The most appropriate genetic test depends on the patients' clinical impression. When a patient is suspected as having a SD with only a single known pathogenic variant(s) (e.g., G380R in FGFR3 of achondroplasia or R836C in COL1A1 of infantile cortical hyperostosis), Sanger sequencing for the specific region would be the optimal test to confirm the molecular diagnosis. When a patient is suspected as having a SD with multiple candidate variants in a single or multiple candidate causative gene(s), TES has merit over Sanger sequencing because all candidate genes can be screened simultaneously. The candidate diseases for TES are shown in Table 4. When a patient is suspected as having a SD with mutations dispersed widely in huge genes, such as COL2A1 (67 exons) of type II collagenopathy, TES has advantages over Sanger sequencing because of its cost-effectiveness. Any candidate variant should be validated by Sanger sequencing and should pass segregation study. If the candidate variant is previously reported, the variant can be confirmed as the responsible variant. If the candidate variant is novel, the variant is highly likely to be responsible, but the pathogenicity of the novel variant should be validated by either some prediction program, frequency in the database, or in vitro study if needed. If any uncovered region is included in a certain candidate gene, it should be checked by Sanger sequencing.

Candidate skeletal dysplasia for targeted exome sequencing

If no candidate variant was found by TES, there may be several reasons: no genetic disorder, not discovered causative gene yet, variants in deep intro or regulatory/enhancer sequences, large insertions or deletions, and chromosomal anomalies22). In these cases, the next step requires WES, WGS, array comparative genomic hybridization, multiplex ligation-dependent probe amplification, or fluorescence in situ hybridization.

4. Management of SD

SD requires multidisciplinary management by a number of specialists to address specific complications associated with each problem. Treatment principles for orthopedic complications are to prevent or correct limb deformity, to stabilize joint laxity, to prevent fracture, to equalize limb lengths, to replace joints for arthritis, and to decompress, realign, and stabilize the spine to prevent deformity and neurological injury. For those with a small chest circumference, respiratory support is essential. Children should be screened regularly for hearing and visual impairment. Pain should be specifically asked about because it can reduce quality of life. Medical treatment should be used to minimize complications, such as fractures, or to increase the final height through use of GHs. The effectiveness of GH treatment in patients with SD is controversial and dependent on the type of SD. There have been some reports of positive results in achondroplasia and hypochondroplasia; however, GH treatment was not effective in other type of SD, such as pseudoachondroplasia and spondyloepiphyseal dysplasia. Moreover, GH treatment can worsen body disproportion, necessitating surgical limb lengthening. The treatment for osteogenesis imperfecta is bisphosphonate with calcium and vitamin D supplementation if the child is deficient to increase bone mineral density and reduce the fracture risk.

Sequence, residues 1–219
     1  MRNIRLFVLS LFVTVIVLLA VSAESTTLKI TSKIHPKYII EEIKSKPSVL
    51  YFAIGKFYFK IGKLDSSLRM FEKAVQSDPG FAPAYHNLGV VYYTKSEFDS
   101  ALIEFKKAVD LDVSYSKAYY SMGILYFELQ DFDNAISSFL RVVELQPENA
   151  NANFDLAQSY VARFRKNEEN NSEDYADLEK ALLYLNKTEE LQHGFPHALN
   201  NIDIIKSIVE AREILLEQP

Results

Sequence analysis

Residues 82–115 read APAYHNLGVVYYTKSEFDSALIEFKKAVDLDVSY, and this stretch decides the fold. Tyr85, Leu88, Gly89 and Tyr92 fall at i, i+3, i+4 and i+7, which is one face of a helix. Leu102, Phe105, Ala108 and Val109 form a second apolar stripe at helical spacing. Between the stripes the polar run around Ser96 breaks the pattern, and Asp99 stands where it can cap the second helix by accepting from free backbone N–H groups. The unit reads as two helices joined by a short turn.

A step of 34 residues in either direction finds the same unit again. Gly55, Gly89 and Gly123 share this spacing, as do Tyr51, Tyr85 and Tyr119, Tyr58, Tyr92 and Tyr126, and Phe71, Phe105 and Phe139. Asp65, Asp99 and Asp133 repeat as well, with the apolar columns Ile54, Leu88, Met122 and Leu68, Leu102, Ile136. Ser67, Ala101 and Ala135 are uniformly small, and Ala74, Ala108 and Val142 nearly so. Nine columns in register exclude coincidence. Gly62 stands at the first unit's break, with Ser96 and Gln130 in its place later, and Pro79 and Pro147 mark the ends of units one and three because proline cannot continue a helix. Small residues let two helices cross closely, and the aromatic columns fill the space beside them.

Conclusions

SD is a large, heterogeneous group of genetic disorders that typically present with short stature in childhood. Accurate diagnosis based upon clinical and radiographic features is important to predict final height, expected complications, and treatment, and to allow specific genetic counselling. Genetic diagnosis of SDs is important because there are so many diseases with complex phenotypes. In order to reach an exact diagnosis of SDs, cooperative approach by a clinician, a radiologist and a geneticist is important (Fig. 1). A multidisciplinary approach is required for patients with SDs.

Fig. 1

Cooperative approach by a clinician, a radiologist and a geneticist is important for diagnosis of skeletal dysplasia.

Notes

Conflict of interest: No potential conflict of interest relevant to this article was reported.

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Article information Continued

Fig. 1

Cooperative approach by a clinician, a radiologist and a geneticist is important for diagnosis of skeletal dysplasia.

Table 1

History taking for skeletal dysplasia

When the short stature was first recognised
 Prenatally or later during childhood
Antenatal history
 Femora or humeri length <5th centile or -2 standard deviation score in the 2nd trimester
Family history and pedigree
 Parental height, other family members affected, parental consanguinity
Body measures at birth
 Length, weight, and head circumference
Joint pain
Ligamentous laxity or joint contracture
Susceptibility to infections
Age at starting to walk independently
Fracture or orthopedic surgery history
Growth velocity

Table 2

Physical examination for skeletal dysplasia

Anthropometric measurements
 Height, weight, head circumference (standard deviation score), upper/lower segment ratio, sitting height, and arm span
Hyperextensibility
Facial dysmorphism
Blue sclera
Dentinogenesis imperfecta
Pectus excavatum
Lordosis, scoliosis
Genu varus/valgum
Brachydactyly
Acro/meso/resomelic
Hepatosplenomegaly
Walking pattern
Limitation of movement
Nail, hair, skin
Hearing
Vision
Cognitive impairment

Table 3

Radiographic evaluation in children with disproportional short stature

Region View
Skull PA, lateral
T-L spine AP, lateral
Thorax AP
Pelvis AP
Upper limb AP
Both hands and wrists PA
Lower limb AP
Foot AP, lateral

PA, posteroanterior view; AP, anterioposterior view; lateral, lateral view; T-L, thoracolumbar.

Table 4

Candidate skeletal dysplasia for targeted exome sequencing

Disease Gene
Osteogenesis imperfecta COL1A1, COL1A2, IFITM5, CRTAP, P3H1, FKBP10, LEPRE1, PLOD2, PPIB, SERPINF1, SERPINH1, SP7, TMEM38B, WNT1
Multiple epiphyseal dysplasia COMP, MATN3, COL9A1, COL9A2, COL9A3, DTDST
Osteopetrosis CLCN7, TNFSF11, TCIRG1, OSTM1, TNFRSF11A, PLEKHM1, CA2, LRP5, IKBKG, FERMT3, RASGRP2
Ehlers-Danlos syndrome COL5A1, COL5A2, COL3A1, PLOD1, COL1A1, COL1A2, ATP7A, SLC39A13
Type II collagenopathy COL1A2